Yes, there was a lot of experimentation on my part, learning how I might push it in directions it doesn’t naturally go. Like you, my “write a poem in the style of…” were worthless. But every once and a while I would see a glimmer of something interesting, or would just keep trying different things, and finally began to get things like this poem.

      Liked by 1 person

  2. The opening is stellar. It demands sharpened spinal attention.

    “My wife inside the hospital of riddles”

    I only wrote an opening. Or a saying, perhaps.

    “A riddle in an ambulance
    is reluctant
    to demolish fog.”

    Liked by 2 people

  3. Poetry, art, wedding invites — we more replaceable than we’d like to imagine. Especially when “we” are the food of the ouroboros. It is interesting that the AIs are being groomed to political very liberal positions. Grooming them for certain types of poetry — that with surprise or the road untaken could be easy too — though I am not sure that is the type of poetry all the masses would prefer. Howdee

    Liked by 1 person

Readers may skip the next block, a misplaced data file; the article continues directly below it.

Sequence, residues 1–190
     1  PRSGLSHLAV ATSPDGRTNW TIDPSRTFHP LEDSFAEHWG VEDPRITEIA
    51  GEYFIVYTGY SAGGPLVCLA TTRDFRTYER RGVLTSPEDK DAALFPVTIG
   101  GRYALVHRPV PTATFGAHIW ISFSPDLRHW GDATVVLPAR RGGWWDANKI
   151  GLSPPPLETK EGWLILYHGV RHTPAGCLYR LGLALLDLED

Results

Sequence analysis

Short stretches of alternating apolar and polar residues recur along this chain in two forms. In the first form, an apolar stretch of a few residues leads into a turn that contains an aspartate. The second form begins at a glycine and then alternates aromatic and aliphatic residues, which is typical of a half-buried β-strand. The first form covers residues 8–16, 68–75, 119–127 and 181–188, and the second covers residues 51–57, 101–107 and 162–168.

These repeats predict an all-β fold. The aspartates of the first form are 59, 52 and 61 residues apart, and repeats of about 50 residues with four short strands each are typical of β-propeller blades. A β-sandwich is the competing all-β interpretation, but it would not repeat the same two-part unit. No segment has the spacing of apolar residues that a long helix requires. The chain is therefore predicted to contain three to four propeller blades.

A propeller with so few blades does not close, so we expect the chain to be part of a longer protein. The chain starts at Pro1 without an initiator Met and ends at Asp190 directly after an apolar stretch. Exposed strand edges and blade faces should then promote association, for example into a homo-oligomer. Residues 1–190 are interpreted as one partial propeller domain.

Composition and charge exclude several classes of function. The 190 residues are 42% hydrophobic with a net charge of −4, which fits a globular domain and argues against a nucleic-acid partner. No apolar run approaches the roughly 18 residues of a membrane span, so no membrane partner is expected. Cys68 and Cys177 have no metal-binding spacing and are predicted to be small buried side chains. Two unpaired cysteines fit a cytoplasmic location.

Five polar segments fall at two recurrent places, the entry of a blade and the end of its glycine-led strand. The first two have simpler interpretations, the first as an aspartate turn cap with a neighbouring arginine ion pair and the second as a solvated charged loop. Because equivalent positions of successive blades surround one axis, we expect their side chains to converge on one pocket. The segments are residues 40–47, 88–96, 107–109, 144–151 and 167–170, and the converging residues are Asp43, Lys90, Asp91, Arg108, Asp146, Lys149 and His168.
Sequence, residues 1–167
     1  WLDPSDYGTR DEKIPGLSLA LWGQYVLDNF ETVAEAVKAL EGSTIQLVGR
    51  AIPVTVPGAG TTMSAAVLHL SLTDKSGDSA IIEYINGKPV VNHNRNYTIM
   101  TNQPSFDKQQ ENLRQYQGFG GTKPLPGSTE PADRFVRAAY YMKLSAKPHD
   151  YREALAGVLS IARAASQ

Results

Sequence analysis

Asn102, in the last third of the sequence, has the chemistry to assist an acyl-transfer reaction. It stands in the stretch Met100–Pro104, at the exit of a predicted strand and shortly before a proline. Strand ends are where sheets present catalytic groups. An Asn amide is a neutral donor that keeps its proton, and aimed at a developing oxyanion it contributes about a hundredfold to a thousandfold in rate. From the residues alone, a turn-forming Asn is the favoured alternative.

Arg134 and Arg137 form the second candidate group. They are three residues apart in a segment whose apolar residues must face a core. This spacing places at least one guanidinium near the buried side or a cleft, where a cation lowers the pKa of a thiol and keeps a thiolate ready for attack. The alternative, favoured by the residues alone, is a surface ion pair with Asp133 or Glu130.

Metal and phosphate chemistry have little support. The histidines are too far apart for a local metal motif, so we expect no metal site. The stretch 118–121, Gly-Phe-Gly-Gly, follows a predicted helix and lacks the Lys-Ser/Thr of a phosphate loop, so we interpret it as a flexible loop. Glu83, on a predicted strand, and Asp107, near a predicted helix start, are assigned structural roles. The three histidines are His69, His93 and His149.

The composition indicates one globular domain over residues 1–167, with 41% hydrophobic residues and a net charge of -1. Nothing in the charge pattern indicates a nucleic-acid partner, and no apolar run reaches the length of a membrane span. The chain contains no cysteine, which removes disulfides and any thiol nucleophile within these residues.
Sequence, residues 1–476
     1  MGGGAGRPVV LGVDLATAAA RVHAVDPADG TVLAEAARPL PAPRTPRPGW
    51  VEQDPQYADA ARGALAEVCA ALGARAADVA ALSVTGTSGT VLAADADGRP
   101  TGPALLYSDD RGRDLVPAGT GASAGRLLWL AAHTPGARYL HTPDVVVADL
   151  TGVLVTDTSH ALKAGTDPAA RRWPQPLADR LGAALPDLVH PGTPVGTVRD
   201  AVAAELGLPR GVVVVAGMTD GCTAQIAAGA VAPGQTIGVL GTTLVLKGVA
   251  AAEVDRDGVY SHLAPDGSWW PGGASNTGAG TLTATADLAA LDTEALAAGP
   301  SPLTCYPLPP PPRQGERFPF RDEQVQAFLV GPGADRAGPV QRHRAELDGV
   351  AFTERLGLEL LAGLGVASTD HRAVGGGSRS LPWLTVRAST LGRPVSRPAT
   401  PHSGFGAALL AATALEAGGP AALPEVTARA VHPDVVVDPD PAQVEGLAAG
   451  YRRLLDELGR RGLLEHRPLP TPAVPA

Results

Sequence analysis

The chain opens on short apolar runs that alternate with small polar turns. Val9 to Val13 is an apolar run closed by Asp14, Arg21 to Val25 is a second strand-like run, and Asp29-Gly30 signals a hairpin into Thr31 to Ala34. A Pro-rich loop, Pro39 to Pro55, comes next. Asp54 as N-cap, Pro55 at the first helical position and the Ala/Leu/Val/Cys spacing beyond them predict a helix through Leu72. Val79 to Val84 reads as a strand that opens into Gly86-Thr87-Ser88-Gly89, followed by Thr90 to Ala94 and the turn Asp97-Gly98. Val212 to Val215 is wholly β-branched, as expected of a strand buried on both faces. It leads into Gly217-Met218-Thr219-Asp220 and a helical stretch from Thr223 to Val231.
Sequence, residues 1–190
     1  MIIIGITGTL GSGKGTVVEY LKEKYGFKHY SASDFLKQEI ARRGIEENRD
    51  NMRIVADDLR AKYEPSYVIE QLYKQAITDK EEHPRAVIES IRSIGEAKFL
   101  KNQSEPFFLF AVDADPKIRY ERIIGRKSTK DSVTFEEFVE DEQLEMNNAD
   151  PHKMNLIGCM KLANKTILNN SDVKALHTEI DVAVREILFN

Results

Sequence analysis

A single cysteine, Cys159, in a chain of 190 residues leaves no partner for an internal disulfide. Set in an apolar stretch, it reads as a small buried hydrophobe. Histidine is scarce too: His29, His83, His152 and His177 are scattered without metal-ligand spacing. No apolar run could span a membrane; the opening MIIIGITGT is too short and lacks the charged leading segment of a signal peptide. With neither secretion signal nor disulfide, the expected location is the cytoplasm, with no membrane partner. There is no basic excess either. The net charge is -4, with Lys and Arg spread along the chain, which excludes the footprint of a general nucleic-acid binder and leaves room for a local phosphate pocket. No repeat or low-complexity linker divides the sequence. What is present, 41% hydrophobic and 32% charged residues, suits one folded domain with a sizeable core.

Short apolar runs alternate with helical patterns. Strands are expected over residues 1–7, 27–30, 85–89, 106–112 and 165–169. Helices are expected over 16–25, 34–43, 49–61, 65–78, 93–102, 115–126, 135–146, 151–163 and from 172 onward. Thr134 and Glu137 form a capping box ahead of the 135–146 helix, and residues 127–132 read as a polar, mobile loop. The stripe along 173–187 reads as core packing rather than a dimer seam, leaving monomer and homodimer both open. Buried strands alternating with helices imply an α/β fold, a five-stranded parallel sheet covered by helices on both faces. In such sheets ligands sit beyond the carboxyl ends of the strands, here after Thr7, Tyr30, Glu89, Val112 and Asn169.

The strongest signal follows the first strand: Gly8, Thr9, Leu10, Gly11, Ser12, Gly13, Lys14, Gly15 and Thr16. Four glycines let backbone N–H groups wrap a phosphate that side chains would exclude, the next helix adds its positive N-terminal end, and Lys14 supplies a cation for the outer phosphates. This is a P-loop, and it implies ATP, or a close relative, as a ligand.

1. “we” are the food of the ouroboros. !!! That is fantastic. Agreed on all that. Also that even our most cherished realms of human expression, such as poetry, are largely a set of rules that are discoverable by induction. And how could it be otherwise, right? “Surrealism” is identifiable by us, as is jazz and other improvisational realms. They exist in frameworks. Not to hard then to understand that if a machine learning process consumes enough examples of those frameworks and rule sets, it will be able to produce output consistent with them. What we don’t know yet, is whether the AI’s will produce NEW frameworks. E.g., is there some meta patterning of creativity that we humans don’t understand or know about, but will emerge. They say at first, the very rules-based chess programs were very predictable and easy for a master to beat. The new generation, trained on deep learning, have made some “surprising” and very strong moves. I think there is signal on that. Maybe not something we see next year, or maybe even in 10, given the computing power that would replicate the number of neural nodes in the human brain, but still.